About this artwork

By 1626, when this portrait was commissioned, Lady Mary Erskine was twenty nine years old, and had already been married an incredible seventeen years. She was the daughter of the 2nd Earl of Mar, who was High Treasurer of Scotland and a friend of King James VI and I. In 1609, aged only twelve, she married the 6th Earl Marischal, and went on to have four children. Jamesone’s clientele encompassed the leading nobility of Scotland, and he was on unusually intimate terms with the Erskine family. As well as painting Lady Mary, he painted her first son William Keith, 7th Earl Marischal, and her third son George Keith became godfather to Jamesone’s son. The richness and refinement of surface detail in this portrait, is exceptional in Jamesone's surviving work.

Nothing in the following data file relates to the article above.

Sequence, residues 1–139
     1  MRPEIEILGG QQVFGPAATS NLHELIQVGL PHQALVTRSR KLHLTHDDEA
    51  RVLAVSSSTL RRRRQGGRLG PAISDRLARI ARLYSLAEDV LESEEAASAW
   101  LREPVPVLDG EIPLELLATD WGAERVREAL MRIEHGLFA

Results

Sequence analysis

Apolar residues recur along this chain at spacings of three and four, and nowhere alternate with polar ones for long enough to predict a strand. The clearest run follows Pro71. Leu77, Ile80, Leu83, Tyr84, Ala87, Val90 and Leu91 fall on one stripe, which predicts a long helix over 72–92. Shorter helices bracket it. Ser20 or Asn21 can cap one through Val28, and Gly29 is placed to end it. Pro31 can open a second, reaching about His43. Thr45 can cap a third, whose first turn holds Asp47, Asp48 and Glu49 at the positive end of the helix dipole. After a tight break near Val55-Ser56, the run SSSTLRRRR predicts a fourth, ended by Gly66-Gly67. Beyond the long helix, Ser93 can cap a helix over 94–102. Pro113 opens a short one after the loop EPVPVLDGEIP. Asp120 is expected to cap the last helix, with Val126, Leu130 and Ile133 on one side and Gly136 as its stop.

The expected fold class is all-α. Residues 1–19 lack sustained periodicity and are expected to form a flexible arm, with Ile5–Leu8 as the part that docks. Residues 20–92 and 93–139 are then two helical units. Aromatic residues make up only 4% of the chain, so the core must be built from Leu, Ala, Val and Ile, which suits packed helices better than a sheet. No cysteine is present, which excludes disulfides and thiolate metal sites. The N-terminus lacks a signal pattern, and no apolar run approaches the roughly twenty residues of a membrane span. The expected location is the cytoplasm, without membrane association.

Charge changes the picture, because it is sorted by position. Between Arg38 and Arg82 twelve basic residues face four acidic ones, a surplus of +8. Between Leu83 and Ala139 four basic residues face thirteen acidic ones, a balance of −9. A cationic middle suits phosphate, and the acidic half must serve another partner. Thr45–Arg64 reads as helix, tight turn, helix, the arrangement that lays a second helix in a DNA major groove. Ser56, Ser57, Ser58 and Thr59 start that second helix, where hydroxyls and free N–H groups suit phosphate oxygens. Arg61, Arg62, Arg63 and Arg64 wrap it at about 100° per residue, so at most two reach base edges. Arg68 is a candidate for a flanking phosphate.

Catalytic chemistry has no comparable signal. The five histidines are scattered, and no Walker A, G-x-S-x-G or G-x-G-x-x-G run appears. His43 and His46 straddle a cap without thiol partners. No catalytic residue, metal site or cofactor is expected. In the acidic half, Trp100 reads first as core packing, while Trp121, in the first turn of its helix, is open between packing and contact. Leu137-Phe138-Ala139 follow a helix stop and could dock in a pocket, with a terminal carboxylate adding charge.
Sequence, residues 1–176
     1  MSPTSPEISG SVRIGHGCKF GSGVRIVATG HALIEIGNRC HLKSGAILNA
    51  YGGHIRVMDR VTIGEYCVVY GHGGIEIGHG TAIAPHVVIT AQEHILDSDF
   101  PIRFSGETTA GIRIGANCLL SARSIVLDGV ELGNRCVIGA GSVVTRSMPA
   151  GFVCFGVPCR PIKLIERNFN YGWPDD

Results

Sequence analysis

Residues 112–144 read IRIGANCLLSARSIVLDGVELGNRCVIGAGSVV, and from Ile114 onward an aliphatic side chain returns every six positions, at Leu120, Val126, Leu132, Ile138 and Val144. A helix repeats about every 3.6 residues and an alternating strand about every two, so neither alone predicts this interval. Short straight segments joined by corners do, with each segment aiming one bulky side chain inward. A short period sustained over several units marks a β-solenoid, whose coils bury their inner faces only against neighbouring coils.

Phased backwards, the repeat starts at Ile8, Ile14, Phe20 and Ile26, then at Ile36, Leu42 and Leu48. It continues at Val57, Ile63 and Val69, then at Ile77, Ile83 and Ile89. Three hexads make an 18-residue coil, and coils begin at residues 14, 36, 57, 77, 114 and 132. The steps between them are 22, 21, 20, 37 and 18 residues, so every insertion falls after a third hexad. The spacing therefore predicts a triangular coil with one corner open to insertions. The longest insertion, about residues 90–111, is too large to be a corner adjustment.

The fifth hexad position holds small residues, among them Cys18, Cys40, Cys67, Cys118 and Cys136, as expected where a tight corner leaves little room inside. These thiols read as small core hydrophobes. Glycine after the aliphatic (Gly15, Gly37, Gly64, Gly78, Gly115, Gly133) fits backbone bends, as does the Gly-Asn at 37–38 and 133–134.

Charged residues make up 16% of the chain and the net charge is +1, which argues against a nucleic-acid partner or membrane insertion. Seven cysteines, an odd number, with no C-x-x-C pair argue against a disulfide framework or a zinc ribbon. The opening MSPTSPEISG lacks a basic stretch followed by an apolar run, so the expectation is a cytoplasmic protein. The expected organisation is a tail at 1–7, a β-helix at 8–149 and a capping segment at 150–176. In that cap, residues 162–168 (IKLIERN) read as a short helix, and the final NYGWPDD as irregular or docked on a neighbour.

George Jamesone

George Jamesone

Born in Aberdeen, the portrait painter George Jamesone was the son of a master-mason. He was apprenticed to the decorative painter, John Anderson of Edinburgh, in 1612. His earliest patrons were the merchants and academics of Aberdeen, but he soon became the painter to the nobility of the north east. From 1633 he was working in Edinburgh and painted a series of imaginary portraits of historical monarchs as decorations for the triumphal entry of Charles I. Jamesone was Scotland's first great native painter and was highly celebrated in his lifetime.